Man’s individuality enables man to engage in direct dialogue with God, and, in the ideal, to take on a greater measure of likeness to Him. However, God does not passively wait for this to happen. God’s individuality likewise leaves Him free to choose to go searching for man on His own, and to willingly impose limits on Himself in order to establish this contact, to the point of voluntarily subjecting Himself to death. The “fear of God” is the fear of this very openness. Any dialogue with another human being brings one into the realm of the unknown. We never know what the other person is thinking or what might really underlie their words; if we are the ones speaking, the other person is free to reject our point of view (perhaps not openly) or to refuse to continue the conversation. Communication with another living, intelligent mind always brings with it a certain amount of anxiety and requires a certain amount of trust. All of this should apply all the more to dialogue with God — it can only occur by His choice, and He is free to refrain from it or to leave it at any moment, but also to continue it even when we would rather run away. This freedom of God is what is frightening — we cannot make Him listen to us, and when He chooses to do so, we cannot make Him like what we say, if only it does not turn out that we have nothing to say in the first place. The “judgment” of God could be nothing more than His freedom to have His own opinion of us, and it would be no less unbearable. There is no way to remove the uncertainty inherent in this dialogue; one can only trust in God’s goodness.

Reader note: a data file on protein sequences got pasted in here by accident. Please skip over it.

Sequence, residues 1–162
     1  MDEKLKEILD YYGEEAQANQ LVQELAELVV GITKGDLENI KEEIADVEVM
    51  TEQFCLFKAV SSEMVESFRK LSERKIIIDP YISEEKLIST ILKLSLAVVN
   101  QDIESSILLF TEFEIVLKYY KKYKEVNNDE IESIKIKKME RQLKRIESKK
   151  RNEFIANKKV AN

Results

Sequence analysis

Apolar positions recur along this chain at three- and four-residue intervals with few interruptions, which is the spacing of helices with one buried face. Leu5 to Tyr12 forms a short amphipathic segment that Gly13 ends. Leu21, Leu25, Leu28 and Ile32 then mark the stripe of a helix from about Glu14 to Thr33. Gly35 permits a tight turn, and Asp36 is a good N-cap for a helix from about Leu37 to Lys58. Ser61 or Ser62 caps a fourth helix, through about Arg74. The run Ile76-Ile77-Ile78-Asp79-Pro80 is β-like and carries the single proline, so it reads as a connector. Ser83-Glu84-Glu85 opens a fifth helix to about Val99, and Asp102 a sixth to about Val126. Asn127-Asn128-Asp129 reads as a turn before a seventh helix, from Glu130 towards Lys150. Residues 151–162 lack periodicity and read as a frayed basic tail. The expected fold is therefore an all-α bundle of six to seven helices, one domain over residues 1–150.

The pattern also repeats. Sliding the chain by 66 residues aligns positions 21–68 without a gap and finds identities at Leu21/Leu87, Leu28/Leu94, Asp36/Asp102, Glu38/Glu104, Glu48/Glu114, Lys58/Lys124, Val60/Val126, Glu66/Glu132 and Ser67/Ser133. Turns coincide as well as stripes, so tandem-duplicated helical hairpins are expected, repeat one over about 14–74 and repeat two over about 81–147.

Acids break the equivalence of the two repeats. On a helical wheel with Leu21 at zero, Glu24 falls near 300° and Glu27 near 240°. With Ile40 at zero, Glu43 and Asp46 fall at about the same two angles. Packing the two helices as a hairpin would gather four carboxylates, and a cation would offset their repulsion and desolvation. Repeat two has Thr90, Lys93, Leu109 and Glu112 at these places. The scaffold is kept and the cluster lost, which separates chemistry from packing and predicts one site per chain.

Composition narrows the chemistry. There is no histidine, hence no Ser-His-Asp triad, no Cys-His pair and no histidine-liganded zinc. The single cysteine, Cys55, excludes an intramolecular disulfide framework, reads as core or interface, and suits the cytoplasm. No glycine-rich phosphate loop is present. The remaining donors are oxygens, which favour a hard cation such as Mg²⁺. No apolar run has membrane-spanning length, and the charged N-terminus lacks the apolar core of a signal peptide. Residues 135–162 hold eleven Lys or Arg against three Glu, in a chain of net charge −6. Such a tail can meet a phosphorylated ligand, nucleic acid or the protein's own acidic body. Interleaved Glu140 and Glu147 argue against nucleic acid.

Comparing this conception of communication with God to the one found in the “after-death experiences” surveyed by Fr. Seraphim, the first problem with the latter is not even that it is “worldly,” but that it is infantile. According to these accounts, “God” has nothing better to do than to sit around waiting for various self-absorbed people to decide that they want to go “traveling on the spiritual plane,” which they tend to do out of idle curiosity and without much effort. Once they finally get around to this, “God” then lavishes various sensuous entertainments on them in “a ‘summerland’ of pleasant experiences in the ‘other world.’” (The Soul, 153) In other words, these people are not interested in communicating with anyone other than themselves; what they want is to spend eternity in an amusement park, alone, in the complete absence of any other sentient beings, since all the “spirits” that they encounter likewise exist entirely for their personal entertainment and “development.” This aspect does, in fact, have disturbing implications for our future, because right before our eyes, words like “growth” and “development” are now being unironically used to describe extreme egocentrism, total incapacity to relate to any other living being, and total unwillingness to look at oneself from any other point of view. Before you start talking to God, it might be useful to first learn how to carry on a basic conversation about the weather.